Summer travel marks a busy time of year for those venturing about the country or abroad. As if the TSA security lineups weren’t enough tomake travelers cringe, the U.S. State Department released a warning Tuesday for anyone traveling to Europe.
The advisory goes into effect immediately and warns all travelers heading to Europe about the potential for increased terrorist attacks. According to the advisory, “The large number of tourists visiting Europe in the summer months will present greater targets for terrorists planning attacks in public locations, especially at large events.”
Those large events include sporting competitions and religious meetings taking place throughout the summer.
France will host the European Soccer Championship in June and the Tour de France in July. As a result of those two big events, the country has extended the state of emergency it declared following the Paris terrorist attacks November 13.
The Catholic Church’s World Youth Day will be held in Poland at the end of July, and because of the 2.5 million visitors slated to attend and the “strained” local infrastructure dealing with the influx of tourists, visitors should be aware of the situation. To combat potential terrorist attacks, Poland will be increasing border security between July 4 and August 2.
In addition to those specific announcements, the U.S. State Department warned travelers to be cautious using mass transportation, avoid extremely crowded areas as much as possible, and to expect delays as authorities deal with the added number of people.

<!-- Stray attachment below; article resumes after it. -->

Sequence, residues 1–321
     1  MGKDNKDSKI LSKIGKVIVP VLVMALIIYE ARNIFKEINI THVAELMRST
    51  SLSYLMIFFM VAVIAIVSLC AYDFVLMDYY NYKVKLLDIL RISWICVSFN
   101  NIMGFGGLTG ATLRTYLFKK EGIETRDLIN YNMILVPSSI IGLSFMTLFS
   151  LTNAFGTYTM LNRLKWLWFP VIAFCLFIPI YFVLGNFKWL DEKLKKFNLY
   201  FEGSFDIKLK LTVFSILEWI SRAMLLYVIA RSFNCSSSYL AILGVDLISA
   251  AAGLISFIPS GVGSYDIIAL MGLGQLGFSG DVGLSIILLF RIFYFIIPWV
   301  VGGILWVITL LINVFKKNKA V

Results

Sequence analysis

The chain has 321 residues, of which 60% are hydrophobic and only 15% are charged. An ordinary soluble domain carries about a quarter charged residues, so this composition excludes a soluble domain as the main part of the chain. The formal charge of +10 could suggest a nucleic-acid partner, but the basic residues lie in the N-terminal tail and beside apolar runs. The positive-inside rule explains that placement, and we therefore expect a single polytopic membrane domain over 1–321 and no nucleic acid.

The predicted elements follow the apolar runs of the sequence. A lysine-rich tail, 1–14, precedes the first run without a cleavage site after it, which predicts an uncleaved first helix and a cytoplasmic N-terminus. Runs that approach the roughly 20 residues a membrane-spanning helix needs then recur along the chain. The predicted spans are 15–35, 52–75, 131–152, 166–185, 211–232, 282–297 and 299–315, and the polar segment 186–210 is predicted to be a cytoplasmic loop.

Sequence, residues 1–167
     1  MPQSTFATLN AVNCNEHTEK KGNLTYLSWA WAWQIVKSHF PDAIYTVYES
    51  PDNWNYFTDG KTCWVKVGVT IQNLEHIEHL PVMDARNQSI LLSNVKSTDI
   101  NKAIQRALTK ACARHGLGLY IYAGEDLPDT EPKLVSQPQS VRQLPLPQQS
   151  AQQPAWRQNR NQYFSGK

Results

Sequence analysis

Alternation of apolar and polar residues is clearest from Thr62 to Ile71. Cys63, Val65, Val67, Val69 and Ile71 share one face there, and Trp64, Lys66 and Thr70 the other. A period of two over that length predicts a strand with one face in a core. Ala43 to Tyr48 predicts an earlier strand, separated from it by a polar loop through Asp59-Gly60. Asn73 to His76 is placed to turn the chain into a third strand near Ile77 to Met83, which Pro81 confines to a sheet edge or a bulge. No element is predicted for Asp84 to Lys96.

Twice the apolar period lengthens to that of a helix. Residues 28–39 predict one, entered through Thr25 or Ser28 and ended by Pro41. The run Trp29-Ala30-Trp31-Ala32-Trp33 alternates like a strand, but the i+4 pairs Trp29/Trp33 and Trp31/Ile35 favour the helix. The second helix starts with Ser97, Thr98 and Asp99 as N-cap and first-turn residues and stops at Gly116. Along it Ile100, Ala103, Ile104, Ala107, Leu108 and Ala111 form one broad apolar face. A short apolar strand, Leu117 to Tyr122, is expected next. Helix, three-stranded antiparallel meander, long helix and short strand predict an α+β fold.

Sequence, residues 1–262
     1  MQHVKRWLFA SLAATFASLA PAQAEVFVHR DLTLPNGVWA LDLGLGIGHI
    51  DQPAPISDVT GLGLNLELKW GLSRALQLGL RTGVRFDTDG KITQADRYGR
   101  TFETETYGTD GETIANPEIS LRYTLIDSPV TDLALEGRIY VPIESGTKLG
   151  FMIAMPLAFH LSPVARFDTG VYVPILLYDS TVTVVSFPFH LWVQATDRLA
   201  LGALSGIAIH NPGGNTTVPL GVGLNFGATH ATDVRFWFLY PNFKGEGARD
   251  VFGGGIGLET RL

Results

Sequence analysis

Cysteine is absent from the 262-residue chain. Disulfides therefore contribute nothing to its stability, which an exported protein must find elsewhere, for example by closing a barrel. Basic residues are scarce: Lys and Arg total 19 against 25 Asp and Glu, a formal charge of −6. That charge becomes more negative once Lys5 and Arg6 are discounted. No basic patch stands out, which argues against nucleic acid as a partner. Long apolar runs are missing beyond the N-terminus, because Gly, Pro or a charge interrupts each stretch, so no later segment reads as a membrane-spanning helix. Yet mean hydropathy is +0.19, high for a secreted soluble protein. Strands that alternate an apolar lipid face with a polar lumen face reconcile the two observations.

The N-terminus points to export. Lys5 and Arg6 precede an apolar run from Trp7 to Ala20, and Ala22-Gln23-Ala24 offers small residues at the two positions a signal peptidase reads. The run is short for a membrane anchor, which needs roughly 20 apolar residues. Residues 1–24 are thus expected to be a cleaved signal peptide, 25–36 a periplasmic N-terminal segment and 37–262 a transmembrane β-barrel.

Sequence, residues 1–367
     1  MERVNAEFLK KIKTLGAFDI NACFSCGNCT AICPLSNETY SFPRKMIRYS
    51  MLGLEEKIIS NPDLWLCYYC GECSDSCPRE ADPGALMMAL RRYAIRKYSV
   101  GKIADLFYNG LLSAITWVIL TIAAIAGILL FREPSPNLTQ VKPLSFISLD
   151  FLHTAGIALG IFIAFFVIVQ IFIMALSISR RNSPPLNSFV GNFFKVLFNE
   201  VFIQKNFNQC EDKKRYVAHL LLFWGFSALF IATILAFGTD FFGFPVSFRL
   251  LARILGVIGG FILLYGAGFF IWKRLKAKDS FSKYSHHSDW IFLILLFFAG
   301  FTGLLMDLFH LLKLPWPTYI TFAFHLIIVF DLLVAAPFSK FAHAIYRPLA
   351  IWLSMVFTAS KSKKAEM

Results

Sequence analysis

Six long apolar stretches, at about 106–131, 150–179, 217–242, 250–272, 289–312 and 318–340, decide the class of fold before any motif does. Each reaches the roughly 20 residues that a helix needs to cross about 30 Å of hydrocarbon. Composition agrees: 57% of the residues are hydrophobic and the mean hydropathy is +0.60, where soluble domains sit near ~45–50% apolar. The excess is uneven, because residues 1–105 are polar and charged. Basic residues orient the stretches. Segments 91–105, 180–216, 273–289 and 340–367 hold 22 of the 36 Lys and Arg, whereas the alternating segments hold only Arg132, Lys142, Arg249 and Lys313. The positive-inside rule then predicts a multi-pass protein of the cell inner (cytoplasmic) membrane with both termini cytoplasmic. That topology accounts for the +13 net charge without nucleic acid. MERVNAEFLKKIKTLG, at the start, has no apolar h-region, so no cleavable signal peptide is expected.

The warnings shouldn’t be taken lightly considering the events in recent months. Paris experienced a deadly attack in November followed by a deadly attack in Belgium in March. Terrorists behind the attacks in Belgium were reportedly planning a follow-up attack to Paris.
Over 1 million U.S. citizens traveled to Europe in January and February alone, according to the U.S. Department of Commerce, International Trade Administration, National Travel and Tourism Office (NTTO).
Britain issued a traveling warning in April about citizens traveling to the U.S., though officials were not concerned about terrorism. The country warned LGBT people about traveling to the U.S., given the controversial laws North Carolina, Mississippi and other states have passed in 2016.
The U.S. travel alert expires August 31.
source: complex.com BY AMANDA WICKS